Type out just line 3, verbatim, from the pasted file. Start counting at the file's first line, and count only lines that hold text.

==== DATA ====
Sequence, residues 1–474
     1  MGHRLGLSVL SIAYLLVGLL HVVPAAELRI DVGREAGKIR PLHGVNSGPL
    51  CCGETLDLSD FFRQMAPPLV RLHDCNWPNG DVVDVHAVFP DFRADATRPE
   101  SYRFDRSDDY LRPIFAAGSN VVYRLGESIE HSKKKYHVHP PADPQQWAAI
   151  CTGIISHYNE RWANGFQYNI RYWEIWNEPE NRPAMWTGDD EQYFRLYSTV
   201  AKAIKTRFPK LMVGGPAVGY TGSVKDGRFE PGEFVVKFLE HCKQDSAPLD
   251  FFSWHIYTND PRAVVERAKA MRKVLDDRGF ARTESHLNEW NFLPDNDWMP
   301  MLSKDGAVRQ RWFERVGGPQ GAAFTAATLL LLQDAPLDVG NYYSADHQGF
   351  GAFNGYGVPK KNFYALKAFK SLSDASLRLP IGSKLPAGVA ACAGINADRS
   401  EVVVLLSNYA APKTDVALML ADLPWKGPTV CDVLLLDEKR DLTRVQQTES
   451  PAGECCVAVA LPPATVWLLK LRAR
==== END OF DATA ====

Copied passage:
    51  CCGETLDLSD FFRQMAPPLV RLHDCNWPNG DVVDVHAVFP DFRADATRPE